keywords = "AM and EM colonization, Cottonwood, Exotic species, Hebeloma crustuliniforme, Invasive species, Mutualism disruption, Mycorrhizal fungi, Native, Populus fremontii, Tamarisk, Tamarix sp",
author = "Meinhardt, {Kelley A.} and Gehring, {Catherine A}",
year = "2012",
month = "3",
doi = "10.1890/11-1247.1",
language = "English (US)",
volume = "22",
pages = "532--549",
journal = "Ecological Appplications",
issn = "1051-0761",
publisher = "Ecological Society of America",
number = "2",

}

TY - JOUR

T1 - Disrupting mycorrhizal mutualisms

T2 - A potential mechanism by which exotic tamarisk outcompetes native cottonwoods

AU - Meinhardt, Kelley A.

AU - Gehring, Catherine A

PY - 2012/3

Y1 - 2012/3

N2 - The disruption of mutualisms between plants and mycorrhizal fungi is a potentially powerful mechanism by which invasives can negatively impact native species, yet our understanding of this mechanism's role in exotic species invasion is still in its infancy. Here, we provide several lines of evidence indicating that invasive tamarisk (Tamarix sp.) negatively affects native cottonwoods (Populus fremontii) by disrupting their associations with arbuscular mycorrhizal (AM) and ectomycorrhizal (EM) fungi. At a field site in the early stages of tamarisk invasion, cottonwoods with tamarisk neighbors had reduced EM colonization and altered EM fungal community composition relative to cottonwoods with native neighbors, leading to reductions in EM propagule abundance in the soil beneath tamarisk. Similarly, AM colonization of cottonwoods was reduced with a tamarisk neighbor, but there were no significant changes in AM fungal spore communities or propagule abundance. Root colonization by nonmycorrhizal fungi, including potential pathogens, was higher in cottonwoods with tamarisk neighbors. A greenhouse experiment in which AM and EM inoculation and plant neighbor were manipulated in a fully factorial design showed that cottonwoods benefited from mycorrhizas, especially EM, in terms of shoot biomass when grown with a conspecific, but shoot biomass was similar to that of nonmycorrhizal controls when cottonwoods were grown with a tamarisk neighbor. These results are partially explained by a reduction in EM but not AM colonization of cottonwoods by a tamarisk neighbor. Tamarisk neighbors negatively affected cottonwood specific leaf area, but not chlorophyll content, in the field. To pinpoint a mechanism for these changes, we measured soil chemistry in the field and the growth response of an EM fungus (Hebeloma crustuliniforme) to saltamended media in the laboratory. Tamarisk increased both NO 3 - concentrations and electrical conductivity 2.5-fold beneath neighboring cottonwoods in the field. Salt-amended media did not affect the growth of H. crustuliniforme. Our findings demonstrate that a nonnative species, even in the early stages of invasion, can negatively affect a native species by disrupting its mycorrhizal symbioses. Some of these changes in mycorrhizal fungal communities may remain as legacy effects of invasives, even after their removal, and should be considered in management and restoration efforts.

AB - The disruption of mutualisms between plants and mycorrhizal fungi is a potentially powerful mechanism by which invasives can negatively impact native species, yet our understanding of this mechanism's role in exotic species invasion is still in its infancy. Here, we provide several lines of evidence indicating that invasive tamarisk (Tamarix sp.) negatively affects native cottonwoods (Populus fremontii) by disrupting their associations with arbuscular mycorrhizal (AM) and ectomycorrhizal (EM) fungi. At a field site in the early stages of tamarisk invasion, cottonwoods with tamarisk neighbors had reduced EM colonization and altered EM fungal community composition relative to cottonwoods with native neighbors, leading to reductions in EM propagule abundance in the soil beneath tamarisk. Similarly, AM colonization of cottonwoods was reduced with a tamarisk neighbor, but there were no significant changes in AM fungal spore communities or propagule abundance. Root colonization by nonmycorrhizal fungi, including potential pathogens, was higher in cottonwoods with tamarisk neighbors. A greenhouse experiment in which AM and EM inoculation and plant neighbor were manipulated in a fully factorial design showed that cottonwoods benefited from mycorrhizas, especially EM, in terms of shoot biomass when grown with a conspecific, but shoot biomass was similar to that of nonmycorrhizal controls when cottonwoods were grown with a tamarisk neighbor. These results are partially explained by a reduction in EM but not AM colonization of cottonwoods by a tamarisk neighbor. Tamarisk neighbors negatively affected cottonwood specific leaf area, but not chlorophyll content, in the field. To pinpoint a mechanism for these changes, we measured soil chemistry in the field and the growth response of an EM fungus (Hebeloma crustuliniforme) to saltamended media in the laboratory. Tamarisk increased both NO 3 - concentrations and electrical conductivity 2.5-fold beneath neighboring cottonwoods in the field. Salt-amended media did not affect the growth of H. crustuliniforme. Our findings demonstrate that a nonnative species, even in the early stages of invasion, can negatively affect a native species by disrupting its mycorrhizal symbioses. Some of these changes in mycorrhizal fungal communities may remain as legacy effects of invasives, even after their removal, and should be considered in management and restoration efforts.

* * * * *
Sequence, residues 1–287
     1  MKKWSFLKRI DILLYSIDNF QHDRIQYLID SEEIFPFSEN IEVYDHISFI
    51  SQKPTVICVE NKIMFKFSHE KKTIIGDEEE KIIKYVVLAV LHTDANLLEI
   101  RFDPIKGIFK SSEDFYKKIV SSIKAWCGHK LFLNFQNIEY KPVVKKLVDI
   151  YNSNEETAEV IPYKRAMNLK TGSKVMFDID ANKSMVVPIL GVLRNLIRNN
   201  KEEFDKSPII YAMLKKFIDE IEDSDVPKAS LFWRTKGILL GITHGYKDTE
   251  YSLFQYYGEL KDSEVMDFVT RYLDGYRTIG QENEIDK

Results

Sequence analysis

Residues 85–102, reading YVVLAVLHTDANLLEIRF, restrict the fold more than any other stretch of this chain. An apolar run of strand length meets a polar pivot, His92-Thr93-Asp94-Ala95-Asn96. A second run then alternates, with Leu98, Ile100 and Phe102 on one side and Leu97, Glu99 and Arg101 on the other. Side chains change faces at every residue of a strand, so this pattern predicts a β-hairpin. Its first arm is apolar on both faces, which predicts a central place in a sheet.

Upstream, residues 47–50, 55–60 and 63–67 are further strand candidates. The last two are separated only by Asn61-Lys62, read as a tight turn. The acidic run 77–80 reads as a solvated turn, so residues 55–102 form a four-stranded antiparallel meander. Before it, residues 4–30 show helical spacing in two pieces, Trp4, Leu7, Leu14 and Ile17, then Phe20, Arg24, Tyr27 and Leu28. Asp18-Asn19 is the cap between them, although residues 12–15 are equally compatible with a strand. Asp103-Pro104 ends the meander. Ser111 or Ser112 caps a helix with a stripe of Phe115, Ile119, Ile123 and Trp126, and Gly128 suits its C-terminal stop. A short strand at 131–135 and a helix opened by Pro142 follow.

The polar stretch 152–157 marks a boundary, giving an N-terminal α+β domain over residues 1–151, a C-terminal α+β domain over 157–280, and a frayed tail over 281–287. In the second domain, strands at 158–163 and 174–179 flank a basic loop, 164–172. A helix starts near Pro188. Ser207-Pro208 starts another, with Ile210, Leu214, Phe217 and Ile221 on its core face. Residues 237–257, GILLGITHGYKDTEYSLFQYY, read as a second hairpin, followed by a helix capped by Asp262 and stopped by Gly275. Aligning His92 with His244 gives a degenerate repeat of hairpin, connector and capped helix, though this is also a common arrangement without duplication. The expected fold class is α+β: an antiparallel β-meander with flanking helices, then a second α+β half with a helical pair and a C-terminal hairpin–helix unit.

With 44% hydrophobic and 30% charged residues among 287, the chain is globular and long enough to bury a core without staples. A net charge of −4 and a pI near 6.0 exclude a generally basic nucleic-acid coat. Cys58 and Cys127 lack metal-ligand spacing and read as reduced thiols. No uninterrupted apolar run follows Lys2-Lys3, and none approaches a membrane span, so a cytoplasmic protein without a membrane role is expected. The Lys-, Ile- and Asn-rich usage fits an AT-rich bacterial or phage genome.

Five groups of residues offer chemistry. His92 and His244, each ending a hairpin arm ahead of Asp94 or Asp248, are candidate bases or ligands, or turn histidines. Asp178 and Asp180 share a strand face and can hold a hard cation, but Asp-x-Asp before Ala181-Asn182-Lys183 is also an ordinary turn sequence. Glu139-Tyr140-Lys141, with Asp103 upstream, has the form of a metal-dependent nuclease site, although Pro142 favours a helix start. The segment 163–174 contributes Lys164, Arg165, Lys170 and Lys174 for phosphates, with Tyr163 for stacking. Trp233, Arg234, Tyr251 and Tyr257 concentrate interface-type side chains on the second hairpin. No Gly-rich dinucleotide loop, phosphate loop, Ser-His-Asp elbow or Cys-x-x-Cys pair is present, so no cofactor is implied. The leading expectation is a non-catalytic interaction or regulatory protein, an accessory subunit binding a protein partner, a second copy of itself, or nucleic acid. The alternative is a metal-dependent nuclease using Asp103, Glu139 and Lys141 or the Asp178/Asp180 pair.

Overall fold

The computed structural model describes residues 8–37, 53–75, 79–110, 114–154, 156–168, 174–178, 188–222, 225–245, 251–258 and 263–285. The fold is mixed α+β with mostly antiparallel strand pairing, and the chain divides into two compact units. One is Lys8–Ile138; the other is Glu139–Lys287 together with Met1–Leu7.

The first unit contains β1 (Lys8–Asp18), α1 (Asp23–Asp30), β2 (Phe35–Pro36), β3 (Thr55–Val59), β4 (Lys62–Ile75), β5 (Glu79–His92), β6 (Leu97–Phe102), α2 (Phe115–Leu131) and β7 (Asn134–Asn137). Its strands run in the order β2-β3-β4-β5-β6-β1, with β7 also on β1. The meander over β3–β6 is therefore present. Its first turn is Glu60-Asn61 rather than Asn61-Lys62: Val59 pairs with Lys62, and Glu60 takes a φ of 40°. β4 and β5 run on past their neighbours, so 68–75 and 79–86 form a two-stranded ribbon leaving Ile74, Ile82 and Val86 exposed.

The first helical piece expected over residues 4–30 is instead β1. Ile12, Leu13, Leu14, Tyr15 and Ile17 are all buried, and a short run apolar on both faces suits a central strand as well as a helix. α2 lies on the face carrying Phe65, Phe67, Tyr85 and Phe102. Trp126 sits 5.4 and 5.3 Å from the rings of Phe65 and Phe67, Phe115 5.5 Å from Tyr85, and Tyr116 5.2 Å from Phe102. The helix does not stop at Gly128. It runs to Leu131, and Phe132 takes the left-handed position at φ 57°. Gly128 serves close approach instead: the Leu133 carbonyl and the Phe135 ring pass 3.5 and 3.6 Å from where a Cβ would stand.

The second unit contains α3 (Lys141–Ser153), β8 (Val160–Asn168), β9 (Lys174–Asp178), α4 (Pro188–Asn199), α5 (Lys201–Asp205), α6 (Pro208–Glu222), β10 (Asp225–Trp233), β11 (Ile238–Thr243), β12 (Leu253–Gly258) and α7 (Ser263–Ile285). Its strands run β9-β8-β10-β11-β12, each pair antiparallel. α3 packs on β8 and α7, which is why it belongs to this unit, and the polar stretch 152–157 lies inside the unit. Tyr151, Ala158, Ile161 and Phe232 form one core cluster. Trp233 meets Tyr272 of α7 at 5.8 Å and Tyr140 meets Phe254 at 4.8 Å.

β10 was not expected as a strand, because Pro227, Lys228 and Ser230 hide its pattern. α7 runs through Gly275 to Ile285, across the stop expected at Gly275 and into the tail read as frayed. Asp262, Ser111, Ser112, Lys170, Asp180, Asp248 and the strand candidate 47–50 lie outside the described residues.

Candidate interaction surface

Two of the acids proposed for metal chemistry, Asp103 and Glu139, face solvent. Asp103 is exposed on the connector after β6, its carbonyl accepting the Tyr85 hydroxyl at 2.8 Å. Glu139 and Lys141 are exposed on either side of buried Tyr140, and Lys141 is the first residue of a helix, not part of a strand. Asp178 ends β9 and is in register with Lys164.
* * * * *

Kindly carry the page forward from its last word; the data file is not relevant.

KW - AM and EM colonization

KW - Cottonwood

KW - Exotic species

KW - Hebeloma crustuliniforme

KW - Invasive species

KW - Mutualism disruption

KW - Mycorrhizal fungi

KW - Native

KW - Populus fremontii

KW - Tamarisk

KW - Tamarix sp

UR - http://www.scopus.com/inward/record.url?scp=84859521577&partnerID=8YFLogxK

UR - http://www.scopus.com/inward/citedby.url?scp=84859521577&partnerID=8YFLogxK

U2 - 10.1890/11-1247.1

DO - 10.1890/11-1247.1

M3 - Article

VL - 22

SP - 532

EP - 549

JO - Ecological Appplications

JF - Ecological Appplications

SN - 1051-0761

IS - 2

ER -